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Court Applying North Carolina Statute in ERISA Case Rules Drunk Driving Death Not "Accidental"

Court Applying North Carolina Statute in ERISA Case Rules Drunk Driving Death Not "Accidental"

ERISA and Life Insurance News
(May 11, 2012)

Johnson suffered fatal injuries while driving during the early morning hours when he lost control of his vehicle, traveled off the roadway, struck a highway sign, and overturned several times. The roadway was illuminated by streetlamps and was dry under clear weather conditions. The responding officer determined that Johnson was driving too fast, estimating that he was exceeding the speed limit by 15 miles per hour.

The coroner concluded that Johnson died from internal injuries resulting from the crash. As part of the investigation, it was determined that Johnson’s blood had an alcohol level of 0.289%, and that his ocular fluid had an alcohol level of 0.311%.

Johnson was a participant in an employee welfare benefit plan as defined by ERISA, providing life and accidental death benefits funded by insurance policies issued by American United Life ("AUL"). AUL promptly paid life insurance benefits to Johnson’s wife, but denied her claim for accidental death benefits on the basis that the death was not accidental due to the intoxicants found in Johnson’s system. AUL upheld its decision on administrative appeal, and litigation ensued.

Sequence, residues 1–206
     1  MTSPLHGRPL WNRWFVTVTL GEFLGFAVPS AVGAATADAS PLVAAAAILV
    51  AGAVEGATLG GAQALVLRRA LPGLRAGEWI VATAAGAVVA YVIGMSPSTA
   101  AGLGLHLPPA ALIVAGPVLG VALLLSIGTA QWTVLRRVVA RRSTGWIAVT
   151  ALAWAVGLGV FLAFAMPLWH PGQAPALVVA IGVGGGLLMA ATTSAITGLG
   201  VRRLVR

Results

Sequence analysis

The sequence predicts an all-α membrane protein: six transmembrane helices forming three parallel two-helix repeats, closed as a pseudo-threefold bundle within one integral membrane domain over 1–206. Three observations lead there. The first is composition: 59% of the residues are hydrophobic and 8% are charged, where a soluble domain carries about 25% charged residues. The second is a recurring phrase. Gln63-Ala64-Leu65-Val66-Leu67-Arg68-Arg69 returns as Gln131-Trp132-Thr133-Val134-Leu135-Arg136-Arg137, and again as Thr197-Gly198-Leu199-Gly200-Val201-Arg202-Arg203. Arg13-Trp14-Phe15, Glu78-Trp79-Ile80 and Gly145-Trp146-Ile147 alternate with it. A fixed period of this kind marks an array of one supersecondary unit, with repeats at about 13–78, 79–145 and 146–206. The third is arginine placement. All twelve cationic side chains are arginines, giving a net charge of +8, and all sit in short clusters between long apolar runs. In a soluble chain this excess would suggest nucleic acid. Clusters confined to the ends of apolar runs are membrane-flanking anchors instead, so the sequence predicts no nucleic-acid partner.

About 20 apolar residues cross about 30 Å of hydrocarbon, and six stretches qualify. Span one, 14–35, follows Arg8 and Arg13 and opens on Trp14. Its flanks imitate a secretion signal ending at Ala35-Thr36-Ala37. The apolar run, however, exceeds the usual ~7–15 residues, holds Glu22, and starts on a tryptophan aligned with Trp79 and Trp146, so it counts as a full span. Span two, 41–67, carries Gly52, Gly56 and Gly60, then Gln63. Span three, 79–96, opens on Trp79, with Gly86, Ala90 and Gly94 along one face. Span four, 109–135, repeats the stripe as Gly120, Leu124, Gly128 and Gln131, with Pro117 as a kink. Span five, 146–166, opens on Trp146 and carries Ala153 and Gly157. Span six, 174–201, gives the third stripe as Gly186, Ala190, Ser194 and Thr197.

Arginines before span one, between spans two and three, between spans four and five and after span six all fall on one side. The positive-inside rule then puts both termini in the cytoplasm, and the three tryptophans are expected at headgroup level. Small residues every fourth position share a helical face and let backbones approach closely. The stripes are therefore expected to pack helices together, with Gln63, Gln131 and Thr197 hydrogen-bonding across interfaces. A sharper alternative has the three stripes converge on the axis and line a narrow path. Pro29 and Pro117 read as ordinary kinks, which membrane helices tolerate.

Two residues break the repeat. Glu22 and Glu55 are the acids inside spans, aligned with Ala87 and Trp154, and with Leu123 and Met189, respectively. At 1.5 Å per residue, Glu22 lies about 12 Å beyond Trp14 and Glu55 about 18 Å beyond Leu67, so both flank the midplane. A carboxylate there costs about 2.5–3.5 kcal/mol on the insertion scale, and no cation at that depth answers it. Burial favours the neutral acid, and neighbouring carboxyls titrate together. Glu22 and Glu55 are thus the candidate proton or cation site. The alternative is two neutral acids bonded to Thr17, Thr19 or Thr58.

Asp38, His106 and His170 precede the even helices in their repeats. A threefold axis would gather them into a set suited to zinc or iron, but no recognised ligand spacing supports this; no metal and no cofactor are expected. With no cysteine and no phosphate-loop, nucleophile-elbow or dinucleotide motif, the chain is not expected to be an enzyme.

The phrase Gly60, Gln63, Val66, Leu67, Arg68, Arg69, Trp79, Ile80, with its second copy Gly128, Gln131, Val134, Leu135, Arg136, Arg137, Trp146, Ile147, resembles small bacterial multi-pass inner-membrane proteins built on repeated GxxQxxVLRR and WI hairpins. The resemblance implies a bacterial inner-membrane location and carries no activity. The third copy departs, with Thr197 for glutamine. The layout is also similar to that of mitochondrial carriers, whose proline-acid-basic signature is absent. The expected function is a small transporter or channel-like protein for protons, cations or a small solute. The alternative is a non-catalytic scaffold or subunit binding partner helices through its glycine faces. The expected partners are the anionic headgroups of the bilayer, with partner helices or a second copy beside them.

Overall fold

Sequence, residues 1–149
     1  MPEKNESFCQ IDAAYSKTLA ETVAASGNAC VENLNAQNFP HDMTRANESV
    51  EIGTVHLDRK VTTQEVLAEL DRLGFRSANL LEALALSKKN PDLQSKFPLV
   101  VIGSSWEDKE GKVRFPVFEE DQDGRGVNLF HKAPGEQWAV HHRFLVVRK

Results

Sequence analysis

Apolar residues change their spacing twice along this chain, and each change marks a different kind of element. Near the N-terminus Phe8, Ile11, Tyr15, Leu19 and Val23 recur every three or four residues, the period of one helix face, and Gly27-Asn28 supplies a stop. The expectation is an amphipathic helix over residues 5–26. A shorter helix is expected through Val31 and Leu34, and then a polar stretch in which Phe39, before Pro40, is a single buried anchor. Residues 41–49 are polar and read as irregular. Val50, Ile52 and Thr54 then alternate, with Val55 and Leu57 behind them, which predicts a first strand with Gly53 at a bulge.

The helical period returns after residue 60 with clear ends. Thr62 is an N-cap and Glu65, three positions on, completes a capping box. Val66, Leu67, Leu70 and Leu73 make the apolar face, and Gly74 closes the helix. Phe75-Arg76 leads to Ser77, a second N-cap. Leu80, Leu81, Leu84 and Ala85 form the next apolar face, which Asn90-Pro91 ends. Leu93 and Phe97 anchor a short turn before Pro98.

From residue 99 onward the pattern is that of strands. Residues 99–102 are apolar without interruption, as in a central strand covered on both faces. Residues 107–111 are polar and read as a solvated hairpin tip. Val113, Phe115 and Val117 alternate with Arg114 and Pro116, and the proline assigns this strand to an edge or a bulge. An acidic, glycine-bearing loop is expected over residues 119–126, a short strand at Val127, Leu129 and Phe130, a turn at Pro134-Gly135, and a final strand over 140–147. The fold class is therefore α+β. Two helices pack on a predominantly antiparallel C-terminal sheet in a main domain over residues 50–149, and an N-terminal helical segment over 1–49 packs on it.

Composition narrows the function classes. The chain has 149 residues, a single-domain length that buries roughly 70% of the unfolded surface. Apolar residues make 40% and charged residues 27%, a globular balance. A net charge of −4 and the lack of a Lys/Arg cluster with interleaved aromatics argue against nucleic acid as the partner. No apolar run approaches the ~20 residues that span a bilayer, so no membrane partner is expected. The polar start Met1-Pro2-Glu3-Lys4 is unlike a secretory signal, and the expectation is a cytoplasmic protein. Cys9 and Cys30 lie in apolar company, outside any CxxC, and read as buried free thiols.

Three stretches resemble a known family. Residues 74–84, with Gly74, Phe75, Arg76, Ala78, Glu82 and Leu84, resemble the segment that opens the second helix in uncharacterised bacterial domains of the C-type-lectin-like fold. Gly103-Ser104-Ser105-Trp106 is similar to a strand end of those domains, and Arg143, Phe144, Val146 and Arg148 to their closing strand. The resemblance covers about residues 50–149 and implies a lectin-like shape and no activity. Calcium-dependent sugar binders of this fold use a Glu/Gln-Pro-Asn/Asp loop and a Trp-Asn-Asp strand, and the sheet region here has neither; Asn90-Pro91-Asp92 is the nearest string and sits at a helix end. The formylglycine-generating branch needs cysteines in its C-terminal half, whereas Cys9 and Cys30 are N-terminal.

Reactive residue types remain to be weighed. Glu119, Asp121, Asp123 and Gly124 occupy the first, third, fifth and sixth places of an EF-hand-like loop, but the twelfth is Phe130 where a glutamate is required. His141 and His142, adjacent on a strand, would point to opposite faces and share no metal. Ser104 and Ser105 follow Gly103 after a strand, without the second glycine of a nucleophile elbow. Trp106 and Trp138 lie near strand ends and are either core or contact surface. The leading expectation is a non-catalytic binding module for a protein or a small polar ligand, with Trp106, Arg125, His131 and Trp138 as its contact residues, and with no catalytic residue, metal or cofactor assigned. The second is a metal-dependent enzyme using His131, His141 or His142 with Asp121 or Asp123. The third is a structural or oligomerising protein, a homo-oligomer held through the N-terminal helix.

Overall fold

AUL was not conferred decision-making discretion under the plan, so the federal district court applied the de novo standard of review. Because the policies required their terms to conform to North Carolina law, the court applied N.C. Gen. Stat. § 58-3-30 to determine "the meaning of the term ‘accident’" in the policies.

Under that statute, "‘Accident’ . . . shall be defined to imply ‘result’ language and shall not include words that establish an accidental means test." Although the statute does not identify the "‘result’ language" to which it refers, the court noted that "under a results test, if death is the unanticipated and unexpected result of an intentional, voluntary act, then the death is an accident."

Thus, Mrs. Johnson had the burden to "prove that the crash was ‘unanticipated and unexpected.’" Rather than affirmatively pointing to evidence in the record to support such a finding, Mrs. Johnson relied "on the alleged absence of evidence that Mr. Johnson did anticipate or expect to die or, more accurately, to crash."

Because Mrs. Johnson "failed to point to any evidence that would establish what her husband expected or anticipated when he drove a vehicle down a highway at an unlawful speed while severely intoxicated," her motion for summary judgment was denied. Her failure to point to record evidence on a matter for which she bore the burden of proof authorized summary judgment in AUL’s favor.

"Where (as here) an individual with an intoxication level approaching four times the legal limit drives a car down a highway 30% above the speed limit," the court said, "a crash is in no commonly understood sense an ‘unanticipated and unexpected result,’ unless some unusual circumstance (absent here) would make it so." The court noted, however, that "[o]n another record, e.g., one involving a driver with a lower intoxication level that nevertheless exceeded the limit, a car crash might fall within the definition of ‘accident’ under § 58-3-30 …."

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